English is the common language and horror the dialect in this melting pot anthology of 34 new stories drawn about equally from each editor's country of residence: the U.S., Great Britain and Australia. Mixing contributions from seasoned pros with the work of newcomers and showcasing approaches that vary from graphic realism to surrealistic nightmare and cross-genre splices, the contents resist pigeonholing and fulfill the editors' ambition to portray horror as "a field whose boundaries are no longer rigidly defined and where literary values coexist with the leading edge of popular culture." Steve Nagy leads off with "The Hanged Man of Oz," a creepy riff on The Wizard of Oz
that subversively sets the "we're not in Kansas any more" tone for selections that follow. Kim Newman excels with "The Intervention," a Kafkaesque black comedy about a deprogramming victim that deftly balances absurdist social satire with paranoid horror. Lisa Tuttle's "The Mezzotint" is one of several stories that evoke classic horror fiction, in this case a tale by M.R. James, whose plot she brilliantly inverts in an account of sinister deceptions that darken a romantic relationship. In most stories the subtle and suggestive trump the physical and gruesome, such as "No Man's Land" by Chris Lawson and Simon Brown, where vividly described horrors of trench warfare prove an avenue to more awe-inducing terrors. Although there are as many competent but unremarkable stories as there are standouts, this book shows that distinctions of national origin and cultural difference dissolve in horror stories expertly cast from a crucible of quality. (Aug. 23)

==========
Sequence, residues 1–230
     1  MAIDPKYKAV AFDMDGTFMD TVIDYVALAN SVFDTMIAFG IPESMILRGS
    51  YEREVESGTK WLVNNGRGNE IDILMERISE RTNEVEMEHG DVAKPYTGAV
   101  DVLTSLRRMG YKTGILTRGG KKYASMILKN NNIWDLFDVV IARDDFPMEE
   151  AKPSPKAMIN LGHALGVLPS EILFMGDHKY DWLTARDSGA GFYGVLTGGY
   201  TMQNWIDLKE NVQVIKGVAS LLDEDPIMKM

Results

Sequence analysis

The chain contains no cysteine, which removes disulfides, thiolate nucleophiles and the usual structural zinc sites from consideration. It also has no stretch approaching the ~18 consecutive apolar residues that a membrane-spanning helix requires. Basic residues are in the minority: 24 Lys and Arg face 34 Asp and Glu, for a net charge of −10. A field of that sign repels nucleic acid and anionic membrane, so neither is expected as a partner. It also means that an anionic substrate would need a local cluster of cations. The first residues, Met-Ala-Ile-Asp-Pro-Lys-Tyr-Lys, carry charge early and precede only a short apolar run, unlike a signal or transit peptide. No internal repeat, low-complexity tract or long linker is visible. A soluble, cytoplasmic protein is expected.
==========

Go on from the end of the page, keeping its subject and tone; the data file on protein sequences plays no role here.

Forecast:Best known as an SF and fantasy author, Dann should help the book cross over to readers of those genres. Traditionalists will welcome the absence of horror's more outrageous and self-consciously strange writers.